The charity sector has had a unique set of problems to deal with during the present pandemic. Probably more than any other sector it depends on face-to-face meetings to fundraise. We have all been faced with charity employees on our high streets, imploring us to sign-up to a myriad of good causes. A crucial part of charities’ fundraising, they have been wiped off our streets at one fell swoop, and the effects on the charity sector have been severe.
The Chartered Institute of Fundraising (IoF) carried out a survey which said that charities are facing a huge predicted loss to their income. The sector expects to lose 24% of its total revenues for the year – a £12.4bn loss of income. Many charities now require financial support just to survive.
Charities have to start focusing on how they can utilize their scarce resources in this new reality. The most robust charities during this pandemic have been the ones that were already digitally-prepared, but this was a small number. According to Lloyds Bank, 26,000 charities showed almost no digital activity in 2019; this is 10,000 more charities than in 2018. On the other hand, 24,000 charities are almost digital by default.
How Digitization Can Future-Proof the Charity Sector
According to the latest global banking survey conducted by the EIU for Temenos, 45% of respondents say their strategic response to the challenge of the pandemic is to build a robust digital ecosystem.
Charities, therefore, have to consider replacing their legacy systems (if they have any!) with truly cloud-native technology. They can now choose from secure private or public cloud providers without worrying about data leaks or cyber security breaches – the cloud provider has the expertise to look after that.
According to Lloyds Bank Digital Index 2017, highly digital charities are ten times more likely to save costs.
Another compelling advantage is fundraising. In the UK, 25% of charitable donations are made online – via websites, apps and social media – with 21% being made on mobile devices.This trend is recent and rising. In 2017, charitable giving online rose 12.1% from the previous year. The UK’s’ use of social media has massively expanded, with over 42 million online by 2019.
By adopting digital fundraising methods, some charities have seen a 600% increase in donor giving. That fact alone should be a compelling argument for immediate digitization.
Digitization can increase operational efficiencies, enhance marketing and PR and improve the donor experience – and that is just the start.
“A really strong benefit of digital is that you can reach a bigger audience more quickly, more widely and in a more scalable way.”David Skelton, Google
As Lloyds Bank said, when Charities are digitally nimble, it translates into better outcomes for beneficiaries, and the charities. It allows them to:
- Reach those that need their services most; only 51% have accessibility procedures built into their websites at the moment. This means some of the most helpless people in our society are almost certainly missing out on services designed to help them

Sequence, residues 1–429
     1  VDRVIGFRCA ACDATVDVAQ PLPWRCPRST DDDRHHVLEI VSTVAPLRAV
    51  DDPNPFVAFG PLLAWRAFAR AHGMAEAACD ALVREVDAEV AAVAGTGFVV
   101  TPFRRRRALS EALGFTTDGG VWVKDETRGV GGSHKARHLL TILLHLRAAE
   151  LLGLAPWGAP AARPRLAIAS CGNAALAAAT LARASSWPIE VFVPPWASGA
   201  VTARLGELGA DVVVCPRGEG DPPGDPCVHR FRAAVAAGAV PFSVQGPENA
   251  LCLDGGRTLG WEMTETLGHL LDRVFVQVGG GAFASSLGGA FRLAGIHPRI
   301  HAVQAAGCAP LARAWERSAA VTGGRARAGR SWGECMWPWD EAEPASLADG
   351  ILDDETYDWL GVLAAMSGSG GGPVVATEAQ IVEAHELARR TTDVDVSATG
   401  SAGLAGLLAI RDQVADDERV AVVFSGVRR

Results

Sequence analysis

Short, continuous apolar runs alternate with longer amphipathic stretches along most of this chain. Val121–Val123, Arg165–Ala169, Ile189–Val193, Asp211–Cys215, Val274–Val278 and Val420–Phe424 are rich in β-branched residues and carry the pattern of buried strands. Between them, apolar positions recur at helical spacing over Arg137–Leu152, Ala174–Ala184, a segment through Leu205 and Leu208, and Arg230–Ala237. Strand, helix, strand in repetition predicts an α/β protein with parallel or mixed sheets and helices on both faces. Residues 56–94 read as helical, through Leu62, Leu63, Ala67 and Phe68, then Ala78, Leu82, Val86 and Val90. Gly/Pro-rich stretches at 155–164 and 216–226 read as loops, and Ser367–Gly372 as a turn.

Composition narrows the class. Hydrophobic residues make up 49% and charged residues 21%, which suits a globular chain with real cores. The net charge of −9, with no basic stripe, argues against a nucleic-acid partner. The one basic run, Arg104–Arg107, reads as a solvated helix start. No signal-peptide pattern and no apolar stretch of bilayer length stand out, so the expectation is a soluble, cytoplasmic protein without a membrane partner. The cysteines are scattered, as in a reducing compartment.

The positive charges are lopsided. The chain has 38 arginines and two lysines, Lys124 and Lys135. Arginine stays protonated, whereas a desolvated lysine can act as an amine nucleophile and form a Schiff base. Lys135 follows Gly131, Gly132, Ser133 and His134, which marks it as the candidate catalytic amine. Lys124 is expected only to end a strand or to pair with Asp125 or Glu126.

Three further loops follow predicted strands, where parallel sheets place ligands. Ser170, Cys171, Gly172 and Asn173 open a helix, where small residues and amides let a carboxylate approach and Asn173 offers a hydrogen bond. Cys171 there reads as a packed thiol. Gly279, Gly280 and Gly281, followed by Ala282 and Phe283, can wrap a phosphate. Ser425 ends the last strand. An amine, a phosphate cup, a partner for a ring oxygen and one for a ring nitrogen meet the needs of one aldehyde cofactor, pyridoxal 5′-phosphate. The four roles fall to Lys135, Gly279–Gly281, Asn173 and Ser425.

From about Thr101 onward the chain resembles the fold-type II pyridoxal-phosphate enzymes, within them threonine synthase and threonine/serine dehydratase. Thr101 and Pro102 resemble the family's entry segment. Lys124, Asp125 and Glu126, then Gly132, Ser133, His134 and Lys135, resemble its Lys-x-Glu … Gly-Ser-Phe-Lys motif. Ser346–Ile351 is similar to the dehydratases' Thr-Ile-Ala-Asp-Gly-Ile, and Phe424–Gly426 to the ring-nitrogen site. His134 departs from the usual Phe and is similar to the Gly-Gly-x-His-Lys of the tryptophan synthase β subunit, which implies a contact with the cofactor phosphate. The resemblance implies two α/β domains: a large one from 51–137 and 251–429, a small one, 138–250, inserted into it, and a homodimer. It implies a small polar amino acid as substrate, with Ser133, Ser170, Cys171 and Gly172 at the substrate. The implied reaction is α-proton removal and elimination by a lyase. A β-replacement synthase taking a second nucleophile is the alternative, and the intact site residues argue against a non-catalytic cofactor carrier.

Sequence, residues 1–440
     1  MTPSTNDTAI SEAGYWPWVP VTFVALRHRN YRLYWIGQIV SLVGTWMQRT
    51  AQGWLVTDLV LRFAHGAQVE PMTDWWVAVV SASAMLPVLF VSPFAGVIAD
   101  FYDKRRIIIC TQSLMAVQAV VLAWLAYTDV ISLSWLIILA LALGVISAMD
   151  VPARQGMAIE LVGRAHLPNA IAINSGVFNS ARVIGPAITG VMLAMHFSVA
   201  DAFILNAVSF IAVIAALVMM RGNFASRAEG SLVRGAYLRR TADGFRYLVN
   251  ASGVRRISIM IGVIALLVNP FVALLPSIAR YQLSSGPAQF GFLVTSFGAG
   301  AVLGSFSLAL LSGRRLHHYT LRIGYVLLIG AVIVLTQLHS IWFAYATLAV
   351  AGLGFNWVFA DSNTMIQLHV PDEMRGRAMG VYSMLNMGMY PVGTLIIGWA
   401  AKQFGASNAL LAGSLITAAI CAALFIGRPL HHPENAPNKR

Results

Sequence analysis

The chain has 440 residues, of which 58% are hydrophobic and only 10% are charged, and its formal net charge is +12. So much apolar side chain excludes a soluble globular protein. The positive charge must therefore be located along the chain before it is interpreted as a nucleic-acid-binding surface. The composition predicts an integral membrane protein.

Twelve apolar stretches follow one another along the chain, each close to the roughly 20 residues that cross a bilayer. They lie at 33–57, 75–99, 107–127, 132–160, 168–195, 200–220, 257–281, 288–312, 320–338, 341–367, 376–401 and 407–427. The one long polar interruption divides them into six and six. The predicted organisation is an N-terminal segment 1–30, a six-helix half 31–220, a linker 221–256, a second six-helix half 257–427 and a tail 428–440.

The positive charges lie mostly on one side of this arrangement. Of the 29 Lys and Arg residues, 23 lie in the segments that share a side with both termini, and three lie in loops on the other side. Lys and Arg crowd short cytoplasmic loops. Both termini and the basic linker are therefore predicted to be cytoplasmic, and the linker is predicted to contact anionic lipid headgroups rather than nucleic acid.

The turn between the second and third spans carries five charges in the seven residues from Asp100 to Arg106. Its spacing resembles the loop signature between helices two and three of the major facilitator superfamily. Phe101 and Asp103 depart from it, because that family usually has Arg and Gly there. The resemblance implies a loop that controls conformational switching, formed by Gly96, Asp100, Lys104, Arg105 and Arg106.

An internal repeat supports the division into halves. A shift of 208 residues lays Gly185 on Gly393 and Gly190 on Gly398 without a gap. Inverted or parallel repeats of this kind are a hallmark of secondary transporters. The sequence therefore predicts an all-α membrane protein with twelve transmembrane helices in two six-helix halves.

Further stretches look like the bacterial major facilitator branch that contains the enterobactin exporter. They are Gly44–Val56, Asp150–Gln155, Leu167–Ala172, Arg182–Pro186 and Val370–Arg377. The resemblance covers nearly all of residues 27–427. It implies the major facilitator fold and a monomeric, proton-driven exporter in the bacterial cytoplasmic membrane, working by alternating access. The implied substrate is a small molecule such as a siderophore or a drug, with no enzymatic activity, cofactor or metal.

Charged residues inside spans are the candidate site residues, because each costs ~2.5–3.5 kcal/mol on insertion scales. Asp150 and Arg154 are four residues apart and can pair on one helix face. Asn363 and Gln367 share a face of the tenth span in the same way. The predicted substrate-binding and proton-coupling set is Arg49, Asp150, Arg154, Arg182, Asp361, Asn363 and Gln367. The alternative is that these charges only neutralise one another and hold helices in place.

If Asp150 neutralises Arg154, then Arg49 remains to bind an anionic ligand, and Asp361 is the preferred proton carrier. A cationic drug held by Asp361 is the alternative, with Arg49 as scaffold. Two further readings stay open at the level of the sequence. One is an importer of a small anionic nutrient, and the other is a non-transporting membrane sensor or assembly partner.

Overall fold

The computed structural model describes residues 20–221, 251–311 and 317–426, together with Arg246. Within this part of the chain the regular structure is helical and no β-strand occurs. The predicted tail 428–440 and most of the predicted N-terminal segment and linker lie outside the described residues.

- Time saving is still the most recognized online benefit to charities. This year, a third of charities (30%) recognize they now save at least one day a week thanks to digital practices. To organizations which often have to rely on armies of volunteer workers, this is a considerable saving.
- Grow their income – Charities with full Essential Digital Skills are 1.5 times more likely to have had an increase in revenue, resulting in more resources for people and potential benefit for end-users than those without.
Adding Value Without a Big-Bang Approach
A cloud-based infrastructure can:
- Provide a secure and scalable platform for both fundraising and operational activities
- Improve efficiencies and reduce costs
- Support the delivery of vital services
- Deliver easier accessibility, connectivity and uptime
- Connect and support remote workers, boosting collaboration and working practices
- Digitization makes compliance more straightforward and faster e.g. the management of the GDPR, with improved access to controls around the management and protection of personal and sensitive information
- Act as a foundation for the future, by allowing the easy adoption of other technologies with greater ease
- Break down silos, integrate disparate data and systems, improve insights and analytics
Doing the Digital Hybrid Waltz
According to Lloyds Bank, 37% of charities do not understand which technologies they should invest in to drive their organization forward. Therefore, more and more charities are paying for external expertise – which is where Temenos can help.
In common with the commercial sector, the more far-sighted charities are on an accelerated journey to the cloud. The current trend is the adoption of a hybrid model: maintaining some systems on-premise with the phased movement of others to the cloud.
A multi-cloud strategy is becoming a regulatory pre-requisite within the banking industry, and DevOps methodologies and modern cloud-based platforms are driving core-banking transformation – a strategy the charity sector would do well to emulate.
Temenos has been supporting banks for decades in their innovation strategies and helped launch several greenfield banks across Europe and around the world. The cloud-native and agnostic, API-first technology platform is well suited to support charities transforming their business models and provide solutions for vital open banking strategies.
Temenos has decades of microfinance experience and a strong partner network to benefit expansion and digitization plans in the not-for-profit sector. These credentials will support the charity sector in moving forward into this exciting digital world and staying resilient in the years to come.
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